Not to sound like an alarmist, but I’m afraid that our internet culture and quick-click social media has contributed to such knee-jerk judgments. No one takes time to process all the nuances of a situation anymore. Just think: these days, within five minutes of most major tragedies, there are already think-pieces posted on Facebook and Tumblr and Twitter but no time to naturally process our grief.

We are not an emotionally healthy world anymore. I say this as a person who loves social media and all the good it can bring, but when it comes to thoughtfulness and reflection, we’ve mostly gone backwards. The only way back to empathy, it would seem, is for us to exercise radio silence and to listen with total intent.

Here’s what I’d advise. I would set up some ground rules when it comes to expressing opinions online or face-to-face. Feel free to dismiss or modify any of these.

Continue reading “10 Quick Ways We Can Validate, Listen, and Learn from Others’ Experiences”

Main Character Hero-Savior Syndrome: The Real Reason Why We Think Everyone Is a Terrorist

When someone tells me I’m race-baiting, that signals something worse than racism.

There’s something that runs even deeper than our racist attitudes and feeds those very views, an underlying coiled root that unless exposed and extracted, will continually provoke such overreactions that arrest innocent children suspected of terrorism. It’s not as simple as blaming Texas or “white folk” or buzzwords like micro-aggression and oppression. It is more subtle and sinister than outright violence and just as dangerous as the fanaticism that we claim to be afraid of.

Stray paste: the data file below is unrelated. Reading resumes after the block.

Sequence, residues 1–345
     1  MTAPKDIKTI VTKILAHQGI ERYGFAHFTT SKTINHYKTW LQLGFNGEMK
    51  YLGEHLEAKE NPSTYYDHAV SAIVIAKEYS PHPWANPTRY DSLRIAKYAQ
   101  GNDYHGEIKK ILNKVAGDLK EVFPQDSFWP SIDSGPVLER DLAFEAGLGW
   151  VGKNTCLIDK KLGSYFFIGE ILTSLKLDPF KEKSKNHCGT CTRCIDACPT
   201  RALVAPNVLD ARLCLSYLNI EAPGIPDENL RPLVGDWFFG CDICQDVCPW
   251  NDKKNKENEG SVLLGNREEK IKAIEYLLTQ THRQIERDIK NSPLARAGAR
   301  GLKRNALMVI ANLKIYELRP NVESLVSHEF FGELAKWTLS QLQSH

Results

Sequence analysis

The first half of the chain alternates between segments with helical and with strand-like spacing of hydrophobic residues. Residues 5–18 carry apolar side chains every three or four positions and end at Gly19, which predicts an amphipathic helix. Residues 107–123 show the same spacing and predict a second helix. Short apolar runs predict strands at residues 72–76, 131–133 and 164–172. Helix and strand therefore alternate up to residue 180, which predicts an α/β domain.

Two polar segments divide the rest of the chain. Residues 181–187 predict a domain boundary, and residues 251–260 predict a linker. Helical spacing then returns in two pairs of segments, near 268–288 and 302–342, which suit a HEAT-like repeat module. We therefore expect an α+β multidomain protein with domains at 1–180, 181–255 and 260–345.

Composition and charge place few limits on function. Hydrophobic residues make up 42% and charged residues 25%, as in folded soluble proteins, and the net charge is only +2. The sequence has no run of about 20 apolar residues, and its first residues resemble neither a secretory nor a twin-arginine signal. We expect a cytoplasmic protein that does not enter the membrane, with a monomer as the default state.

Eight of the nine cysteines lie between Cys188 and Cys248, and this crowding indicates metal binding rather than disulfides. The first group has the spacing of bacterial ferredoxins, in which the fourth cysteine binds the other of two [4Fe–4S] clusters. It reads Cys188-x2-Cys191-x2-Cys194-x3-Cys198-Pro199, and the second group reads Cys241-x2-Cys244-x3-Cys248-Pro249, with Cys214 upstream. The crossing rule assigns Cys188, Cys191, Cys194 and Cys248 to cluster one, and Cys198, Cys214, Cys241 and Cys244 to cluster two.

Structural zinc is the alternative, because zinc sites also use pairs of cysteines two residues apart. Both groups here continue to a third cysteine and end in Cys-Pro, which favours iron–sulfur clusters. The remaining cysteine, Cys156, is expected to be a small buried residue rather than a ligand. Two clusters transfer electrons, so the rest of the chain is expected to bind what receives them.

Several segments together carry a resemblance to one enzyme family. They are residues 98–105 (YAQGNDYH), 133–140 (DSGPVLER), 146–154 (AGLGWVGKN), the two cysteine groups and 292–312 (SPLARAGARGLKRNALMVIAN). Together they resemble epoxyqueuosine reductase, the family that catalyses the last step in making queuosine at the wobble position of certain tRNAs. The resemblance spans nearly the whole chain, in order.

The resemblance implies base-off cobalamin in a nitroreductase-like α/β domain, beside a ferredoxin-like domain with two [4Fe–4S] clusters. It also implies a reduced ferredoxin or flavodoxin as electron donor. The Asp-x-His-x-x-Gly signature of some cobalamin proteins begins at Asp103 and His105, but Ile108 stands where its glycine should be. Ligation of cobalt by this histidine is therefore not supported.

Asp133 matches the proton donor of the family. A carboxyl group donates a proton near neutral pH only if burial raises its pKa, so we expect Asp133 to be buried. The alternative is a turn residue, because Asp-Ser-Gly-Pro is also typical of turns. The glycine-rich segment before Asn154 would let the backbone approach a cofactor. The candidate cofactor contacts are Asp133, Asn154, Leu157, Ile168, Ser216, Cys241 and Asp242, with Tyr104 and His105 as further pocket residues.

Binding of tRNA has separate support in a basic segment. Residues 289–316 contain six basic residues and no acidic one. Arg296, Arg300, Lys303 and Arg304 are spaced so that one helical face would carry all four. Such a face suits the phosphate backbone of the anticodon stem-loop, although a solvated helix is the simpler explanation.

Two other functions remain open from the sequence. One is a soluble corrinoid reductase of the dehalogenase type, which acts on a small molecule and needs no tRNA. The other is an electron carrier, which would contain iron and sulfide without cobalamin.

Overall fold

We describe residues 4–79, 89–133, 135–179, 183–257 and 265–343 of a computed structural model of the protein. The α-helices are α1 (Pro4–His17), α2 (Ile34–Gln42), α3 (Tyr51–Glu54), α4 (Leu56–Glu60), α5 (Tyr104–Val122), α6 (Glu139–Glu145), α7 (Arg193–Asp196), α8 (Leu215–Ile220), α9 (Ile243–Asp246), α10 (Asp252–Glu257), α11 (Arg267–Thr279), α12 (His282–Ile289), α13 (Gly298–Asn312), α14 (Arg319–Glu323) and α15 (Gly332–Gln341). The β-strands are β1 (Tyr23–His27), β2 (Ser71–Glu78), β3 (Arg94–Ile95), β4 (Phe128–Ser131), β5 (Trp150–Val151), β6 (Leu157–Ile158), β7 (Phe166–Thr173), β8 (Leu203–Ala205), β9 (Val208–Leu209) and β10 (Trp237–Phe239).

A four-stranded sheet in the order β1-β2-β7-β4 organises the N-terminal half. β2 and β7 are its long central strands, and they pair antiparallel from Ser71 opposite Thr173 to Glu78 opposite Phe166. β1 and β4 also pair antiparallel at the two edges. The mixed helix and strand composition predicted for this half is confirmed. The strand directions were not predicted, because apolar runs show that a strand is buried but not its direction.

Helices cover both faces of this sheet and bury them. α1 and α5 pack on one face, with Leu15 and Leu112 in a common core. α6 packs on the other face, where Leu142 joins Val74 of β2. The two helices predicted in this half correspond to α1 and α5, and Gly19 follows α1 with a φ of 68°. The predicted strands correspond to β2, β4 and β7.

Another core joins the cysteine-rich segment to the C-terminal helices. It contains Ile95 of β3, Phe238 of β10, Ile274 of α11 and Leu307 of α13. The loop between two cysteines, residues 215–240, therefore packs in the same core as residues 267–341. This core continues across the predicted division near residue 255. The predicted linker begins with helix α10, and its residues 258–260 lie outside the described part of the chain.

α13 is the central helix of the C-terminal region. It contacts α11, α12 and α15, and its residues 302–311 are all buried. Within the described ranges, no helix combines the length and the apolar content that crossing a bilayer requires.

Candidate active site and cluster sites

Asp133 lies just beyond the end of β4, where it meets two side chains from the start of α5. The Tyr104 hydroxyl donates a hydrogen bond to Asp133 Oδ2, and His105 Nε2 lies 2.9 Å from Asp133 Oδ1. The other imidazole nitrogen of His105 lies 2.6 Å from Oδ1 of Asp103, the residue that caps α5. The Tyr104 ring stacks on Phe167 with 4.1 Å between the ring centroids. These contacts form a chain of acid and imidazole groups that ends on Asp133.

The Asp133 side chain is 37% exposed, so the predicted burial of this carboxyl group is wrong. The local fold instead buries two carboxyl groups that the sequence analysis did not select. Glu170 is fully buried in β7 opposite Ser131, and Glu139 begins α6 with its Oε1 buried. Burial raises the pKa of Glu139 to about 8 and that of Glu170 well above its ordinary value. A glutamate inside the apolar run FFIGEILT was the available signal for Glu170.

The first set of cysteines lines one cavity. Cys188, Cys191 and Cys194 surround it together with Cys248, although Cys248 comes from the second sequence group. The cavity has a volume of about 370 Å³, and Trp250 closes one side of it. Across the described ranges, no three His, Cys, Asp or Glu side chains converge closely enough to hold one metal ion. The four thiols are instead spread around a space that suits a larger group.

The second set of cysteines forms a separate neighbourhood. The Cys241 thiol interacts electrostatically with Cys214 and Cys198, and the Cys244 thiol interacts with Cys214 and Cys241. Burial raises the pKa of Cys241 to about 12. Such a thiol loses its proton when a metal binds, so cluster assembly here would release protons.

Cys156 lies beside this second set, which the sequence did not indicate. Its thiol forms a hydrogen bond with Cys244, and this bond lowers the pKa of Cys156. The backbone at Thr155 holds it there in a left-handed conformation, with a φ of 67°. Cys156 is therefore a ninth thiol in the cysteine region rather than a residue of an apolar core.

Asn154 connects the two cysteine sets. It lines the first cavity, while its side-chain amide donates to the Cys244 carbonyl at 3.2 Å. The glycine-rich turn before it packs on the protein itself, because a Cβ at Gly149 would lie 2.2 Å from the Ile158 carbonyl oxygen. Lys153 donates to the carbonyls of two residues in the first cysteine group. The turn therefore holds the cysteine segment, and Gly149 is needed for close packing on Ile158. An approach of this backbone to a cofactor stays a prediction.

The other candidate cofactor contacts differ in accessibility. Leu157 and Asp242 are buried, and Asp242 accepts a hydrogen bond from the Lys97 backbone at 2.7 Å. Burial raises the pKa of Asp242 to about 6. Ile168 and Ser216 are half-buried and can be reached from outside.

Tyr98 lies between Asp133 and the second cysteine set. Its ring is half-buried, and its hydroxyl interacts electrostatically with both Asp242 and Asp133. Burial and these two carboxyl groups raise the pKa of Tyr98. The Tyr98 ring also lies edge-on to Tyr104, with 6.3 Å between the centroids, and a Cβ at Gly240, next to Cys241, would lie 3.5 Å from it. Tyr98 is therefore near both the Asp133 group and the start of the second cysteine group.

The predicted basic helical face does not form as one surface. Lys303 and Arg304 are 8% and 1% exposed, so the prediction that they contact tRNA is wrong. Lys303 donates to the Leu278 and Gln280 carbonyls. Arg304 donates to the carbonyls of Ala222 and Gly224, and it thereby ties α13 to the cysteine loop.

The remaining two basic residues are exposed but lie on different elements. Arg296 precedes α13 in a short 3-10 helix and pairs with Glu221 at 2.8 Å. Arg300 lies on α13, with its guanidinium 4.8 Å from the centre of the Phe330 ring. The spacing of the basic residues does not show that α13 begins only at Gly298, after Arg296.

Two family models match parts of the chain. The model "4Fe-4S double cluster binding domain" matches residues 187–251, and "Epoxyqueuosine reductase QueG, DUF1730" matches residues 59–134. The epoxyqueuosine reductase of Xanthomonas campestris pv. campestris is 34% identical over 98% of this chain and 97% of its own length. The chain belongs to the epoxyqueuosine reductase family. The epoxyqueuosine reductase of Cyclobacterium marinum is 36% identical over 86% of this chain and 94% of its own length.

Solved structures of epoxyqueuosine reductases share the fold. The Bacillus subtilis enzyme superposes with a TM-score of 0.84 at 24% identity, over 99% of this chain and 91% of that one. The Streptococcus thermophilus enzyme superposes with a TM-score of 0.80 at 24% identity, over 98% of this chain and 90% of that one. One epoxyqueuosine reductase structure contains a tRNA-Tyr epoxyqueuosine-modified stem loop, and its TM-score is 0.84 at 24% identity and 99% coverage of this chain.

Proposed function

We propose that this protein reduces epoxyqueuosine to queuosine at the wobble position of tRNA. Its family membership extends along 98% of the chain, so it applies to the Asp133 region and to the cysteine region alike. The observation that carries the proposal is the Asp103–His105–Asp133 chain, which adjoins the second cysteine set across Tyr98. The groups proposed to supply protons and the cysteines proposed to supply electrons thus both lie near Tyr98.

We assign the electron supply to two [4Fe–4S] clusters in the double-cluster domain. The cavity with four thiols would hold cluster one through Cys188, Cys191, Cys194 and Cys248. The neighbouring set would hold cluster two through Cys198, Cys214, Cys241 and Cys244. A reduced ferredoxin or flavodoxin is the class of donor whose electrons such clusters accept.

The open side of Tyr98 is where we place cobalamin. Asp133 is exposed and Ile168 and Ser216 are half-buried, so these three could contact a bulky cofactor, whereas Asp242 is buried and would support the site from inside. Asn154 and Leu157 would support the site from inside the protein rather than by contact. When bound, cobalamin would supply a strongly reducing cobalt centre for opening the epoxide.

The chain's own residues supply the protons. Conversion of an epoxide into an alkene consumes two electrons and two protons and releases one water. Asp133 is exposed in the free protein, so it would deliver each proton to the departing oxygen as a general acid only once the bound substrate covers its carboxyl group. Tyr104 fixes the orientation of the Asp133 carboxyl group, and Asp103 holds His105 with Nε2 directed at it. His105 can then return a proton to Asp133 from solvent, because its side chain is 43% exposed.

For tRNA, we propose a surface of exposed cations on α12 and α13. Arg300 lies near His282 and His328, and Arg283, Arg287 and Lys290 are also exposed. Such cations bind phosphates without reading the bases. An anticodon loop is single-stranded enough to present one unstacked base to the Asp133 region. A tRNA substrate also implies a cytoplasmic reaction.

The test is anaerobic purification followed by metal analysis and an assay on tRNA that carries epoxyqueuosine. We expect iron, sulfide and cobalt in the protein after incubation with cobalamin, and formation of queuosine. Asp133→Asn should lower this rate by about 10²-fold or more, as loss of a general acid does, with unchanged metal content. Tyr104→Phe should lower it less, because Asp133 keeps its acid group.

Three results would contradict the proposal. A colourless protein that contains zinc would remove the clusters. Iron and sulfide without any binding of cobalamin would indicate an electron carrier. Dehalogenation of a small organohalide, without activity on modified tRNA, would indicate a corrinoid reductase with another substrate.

A certain thread of socialized narrative has been bombarding us for a long time:

– That we are each the Main Character of our own particular story,

– with each person around us as plot-resolving props to support our catharsis,

– and that both The Enemy is plotting against us and The Endangered are in need of rescue.

Every act of the Main Character is considered an honorable sacrifice, while The Enemy remains a faceless, disembodied, unpredictable element that only thinks of “my” destruction.

This arc of the Hero-Savior story has silently fueled our approach to politics, religion, gender, race relations, charity, and just about every Hollywood blockbuster – and it perpetuates both a self-idolization and an other-demonization. It is both a megalomania and xenophobia. It’s why we say things like “race-baiting,” because we make someone else’s racial pain about “me.”